International Energy Agency recommends reducing CO2 emissions to zero in 2050. In recent years, renewable energy has been increasing because decarbonization is essential in the energy sector. However, due to output fluctuations of solar and wind power generation, demand-supply balancing requires other power sources and energy storage. Therefore, we focus on hydrogen as feasible energy storage. We reconsider renewable energy and next-generation nuclear power plant as the power source for hydrogen production. In this study, considering the use of hydrogen, we analyze the feasible future energy generation from CO2 reduction and economic efficiency using linear mathematical modeling. The result shows that hydrogen plays a role in balancing peak demand with pumped storage power generation in 2050. Thermal power would be replaced with hydrogen as a demand regulator in the future.
Since the power output of offshore wind farms increases or decreases in proportion to the cube of wind speed, it is necessary to consider the detailed power output fluctuations in order to accurately assess the potential for their deployment. This study sets up about 2,400 hypothetical offshore wind power plants, and considers the three-hourly fluctuations of their capacity utilization rates in a global energy model to evaluate the installable feasibility of offshore wind power more precisely than before. The computational results suggest that the reduction of the cost of offshore wind power has a significant impact on the amount of installation, and that when the cost is reduced, the large-scale installation will be promoted mainly in shallow waters in the mid-latitude zone such as Europe and South America, and that the impact of output fluctuations on the grid is mitigated by hydrogen production (water electrolysis) for synthetic fuel production.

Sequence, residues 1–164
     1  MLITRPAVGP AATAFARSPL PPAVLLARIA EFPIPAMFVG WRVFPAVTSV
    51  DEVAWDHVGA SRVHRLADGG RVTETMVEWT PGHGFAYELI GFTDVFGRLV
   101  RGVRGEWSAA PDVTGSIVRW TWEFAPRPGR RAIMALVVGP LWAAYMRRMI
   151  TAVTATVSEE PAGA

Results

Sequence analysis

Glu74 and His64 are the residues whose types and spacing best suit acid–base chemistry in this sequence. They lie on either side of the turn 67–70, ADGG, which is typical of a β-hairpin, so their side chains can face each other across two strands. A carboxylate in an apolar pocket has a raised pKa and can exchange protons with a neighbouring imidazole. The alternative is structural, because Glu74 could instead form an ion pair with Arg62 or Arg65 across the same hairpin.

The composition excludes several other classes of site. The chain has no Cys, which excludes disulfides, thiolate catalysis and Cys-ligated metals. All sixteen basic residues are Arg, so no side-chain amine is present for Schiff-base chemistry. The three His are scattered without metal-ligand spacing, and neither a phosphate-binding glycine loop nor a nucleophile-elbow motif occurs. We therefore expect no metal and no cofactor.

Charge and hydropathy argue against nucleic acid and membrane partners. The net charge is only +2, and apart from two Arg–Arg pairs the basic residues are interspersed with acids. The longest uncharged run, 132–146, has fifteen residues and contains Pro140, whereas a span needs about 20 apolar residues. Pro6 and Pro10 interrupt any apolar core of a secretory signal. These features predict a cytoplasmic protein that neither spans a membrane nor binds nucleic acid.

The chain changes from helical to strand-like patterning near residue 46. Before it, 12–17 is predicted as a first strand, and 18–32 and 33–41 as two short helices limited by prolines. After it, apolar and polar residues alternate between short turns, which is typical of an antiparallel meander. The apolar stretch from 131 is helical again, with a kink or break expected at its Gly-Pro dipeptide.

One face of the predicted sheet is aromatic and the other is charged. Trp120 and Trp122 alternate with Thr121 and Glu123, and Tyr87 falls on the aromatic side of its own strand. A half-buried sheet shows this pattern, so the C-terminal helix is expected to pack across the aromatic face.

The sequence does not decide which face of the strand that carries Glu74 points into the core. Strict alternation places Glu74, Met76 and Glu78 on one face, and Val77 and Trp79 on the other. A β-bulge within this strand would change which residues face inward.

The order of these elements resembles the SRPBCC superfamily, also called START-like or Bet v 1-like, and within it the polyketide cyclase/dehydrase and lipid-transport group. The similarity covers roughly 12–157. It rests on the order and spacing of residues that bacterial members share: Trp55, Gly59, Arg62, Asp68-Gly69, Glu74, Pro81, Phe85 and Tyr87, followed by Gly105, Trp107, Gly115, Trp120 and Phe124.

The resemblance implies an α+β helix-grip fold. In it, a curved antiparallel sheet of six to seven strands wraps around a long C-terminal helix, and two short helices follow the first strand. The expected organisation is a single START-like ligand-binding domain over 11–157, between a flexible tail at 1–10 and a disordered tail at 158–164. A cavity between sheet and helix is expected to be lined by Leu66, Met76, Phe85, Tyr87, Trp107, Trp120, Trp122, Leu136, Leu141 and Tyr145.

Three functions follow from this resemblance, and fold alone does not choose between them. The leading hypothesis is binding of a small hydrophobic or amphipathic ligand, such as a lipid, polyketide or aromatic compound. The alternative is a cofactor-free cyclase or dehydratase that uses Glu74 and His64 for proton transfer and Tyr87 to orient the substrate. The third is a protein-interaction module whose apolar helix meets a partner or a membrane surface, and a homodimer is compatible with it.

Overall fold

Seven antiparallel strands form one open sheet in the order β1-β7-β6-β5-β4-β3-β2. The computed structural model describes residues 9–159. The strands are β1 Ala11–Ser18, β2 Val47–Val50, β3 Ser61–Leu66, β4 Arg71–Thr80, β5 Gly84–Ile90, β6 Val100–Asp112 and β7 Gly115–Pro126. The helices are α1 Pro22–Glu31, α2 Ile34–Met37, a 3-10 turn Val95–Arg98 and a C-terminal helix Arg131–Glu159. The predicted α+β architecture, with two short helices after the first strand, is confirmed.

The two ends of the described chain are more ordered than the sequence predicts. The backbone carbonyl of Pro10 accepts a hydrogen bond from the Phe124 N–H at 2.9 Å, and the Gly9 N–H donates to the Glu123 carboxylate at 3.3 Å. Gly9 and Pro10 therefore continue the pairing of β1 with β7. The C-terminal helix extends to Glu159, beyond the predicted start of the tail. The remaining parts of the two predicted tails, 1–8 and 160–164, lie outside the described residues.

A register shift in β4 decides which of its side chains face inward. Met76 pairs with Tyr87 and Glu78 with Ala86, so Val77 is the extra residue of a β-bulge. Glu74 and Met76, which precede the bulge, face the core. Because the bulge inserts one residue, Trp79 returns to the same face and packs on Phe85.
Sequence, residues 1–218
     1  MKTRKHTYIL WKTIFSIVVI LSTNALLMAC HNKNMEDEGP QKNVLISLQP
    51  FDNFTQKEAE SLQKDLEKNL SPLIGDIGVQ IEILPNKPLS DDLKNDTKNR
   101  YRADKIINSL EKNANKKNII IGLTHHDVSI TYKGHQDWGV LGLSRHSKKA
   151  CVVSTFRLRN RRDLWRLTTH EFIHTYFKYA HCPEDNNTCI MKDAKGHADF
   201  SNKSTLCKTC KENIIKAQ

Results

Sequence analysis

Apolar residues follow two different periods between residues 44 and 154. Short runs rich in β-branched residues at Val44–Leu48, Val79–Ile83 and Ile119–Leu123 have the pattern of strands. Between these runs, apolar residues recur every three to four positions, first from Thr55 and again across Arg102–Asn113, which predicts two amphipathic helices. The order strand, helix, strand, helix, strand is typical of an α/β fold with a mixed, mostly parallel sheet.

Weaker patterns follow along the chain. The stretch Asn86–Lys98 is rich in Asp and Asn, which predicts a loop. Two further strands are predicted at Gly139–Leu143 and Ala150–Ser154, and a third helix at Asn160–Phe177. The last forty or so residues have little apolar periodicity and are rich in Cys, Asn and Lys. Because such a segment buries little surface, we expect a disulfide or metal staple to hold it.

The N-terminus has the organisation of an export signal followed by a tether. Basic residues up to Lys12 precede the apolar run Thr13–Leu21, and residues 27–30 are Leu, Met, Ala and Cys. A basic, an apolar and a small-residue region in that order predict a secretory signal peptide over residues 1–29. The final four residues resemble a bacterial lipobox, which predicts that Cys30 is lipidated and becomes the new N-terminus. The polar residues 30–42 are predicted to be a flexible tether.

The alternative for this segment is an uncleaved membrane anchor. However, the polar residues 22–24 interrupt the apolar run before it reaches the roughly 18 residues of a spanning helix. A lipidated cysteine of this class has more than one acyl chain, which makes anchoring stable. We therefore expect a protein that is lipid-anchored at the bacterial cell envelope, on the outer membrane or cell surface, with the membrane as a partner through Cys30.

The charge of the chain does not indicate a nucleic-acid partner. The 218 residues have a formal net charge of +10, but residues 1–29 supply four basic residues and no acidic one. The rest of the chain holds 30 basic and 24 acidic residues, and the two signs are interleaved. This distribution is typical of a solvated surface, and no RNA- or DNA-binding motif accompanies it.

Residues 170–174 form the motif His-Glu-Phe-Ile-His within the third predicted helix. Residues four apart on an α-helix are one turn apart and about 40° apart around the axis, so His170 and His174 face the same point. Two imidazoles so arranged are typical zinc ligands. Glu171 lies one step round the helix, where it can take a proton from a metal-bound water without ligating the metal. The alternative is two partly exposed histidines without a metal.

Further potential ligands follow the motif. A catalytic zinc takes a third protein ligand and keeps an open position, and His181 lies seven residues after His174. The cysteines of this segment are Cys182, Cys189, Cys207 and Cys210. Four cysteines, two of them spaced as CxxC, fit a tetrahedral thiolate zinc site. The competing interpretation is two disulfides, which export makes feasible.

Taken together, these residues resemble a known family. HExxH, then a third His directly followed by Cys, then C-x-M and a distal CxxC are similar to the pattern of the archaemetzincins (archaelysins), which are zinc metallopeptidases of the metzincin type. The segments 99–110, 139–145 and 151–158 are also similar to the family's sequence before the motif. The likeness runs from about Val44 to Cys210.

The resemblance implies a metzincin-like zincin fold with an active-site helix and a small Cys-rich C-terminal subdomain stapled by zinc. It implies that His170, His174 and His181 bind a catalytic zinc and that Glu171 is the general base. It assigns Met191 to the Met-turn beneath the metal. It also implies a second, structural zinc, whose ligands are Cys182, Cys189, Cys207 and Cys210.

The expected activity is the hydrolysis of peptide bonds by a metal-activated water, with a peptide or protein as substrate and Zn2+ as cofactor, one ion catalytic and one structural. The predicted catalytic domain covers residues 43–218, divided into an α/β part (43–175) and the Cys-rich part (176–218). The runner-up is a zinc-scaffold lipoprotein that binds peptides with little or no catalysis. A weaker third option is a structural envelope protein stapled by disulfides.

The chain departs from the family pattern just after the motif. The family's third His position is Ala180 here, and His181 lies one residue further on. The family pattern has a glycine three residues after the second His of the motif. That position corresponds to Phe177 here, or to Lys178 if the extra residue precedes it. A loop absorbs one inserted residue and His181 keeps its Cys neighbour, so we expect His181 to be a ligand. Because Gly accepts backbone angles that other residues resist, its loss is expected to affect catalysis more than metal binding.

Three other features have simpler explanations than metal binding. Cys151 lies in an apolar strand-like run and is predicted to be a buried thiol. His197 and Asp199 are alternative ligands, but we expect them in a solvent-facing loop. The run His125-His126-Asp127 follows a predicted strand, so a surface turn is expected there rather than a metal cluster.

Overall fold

The Japanese government announced its mid-term target of reducing greenhouse gas emissions by 26% from 2013 to 2030 at COP21. In Japan, CO2 emissions from the transport sector account for 18.5% of total CO2 emissions, and it is necessary to implement measures in the automobile sector as soon as possible. In this study, we developed a model for estimating CO2 emissions that takes into account integrated measures in the automobile sector up to the year 2050. Global warming measures in the automobile sector to be considered in this model include the improvement of fuel efficiency of conventional vehicles, diffusion of next-generation vehicles, diffusion of automated driving (including eco-drive effects), improvement of traffic flow, and diffusion of car sharing. Using the developed model, and assuming several scenarios studied by the authors, the effects of technological progress in automobiles and the effects of measures that may be introduced in the future are considered.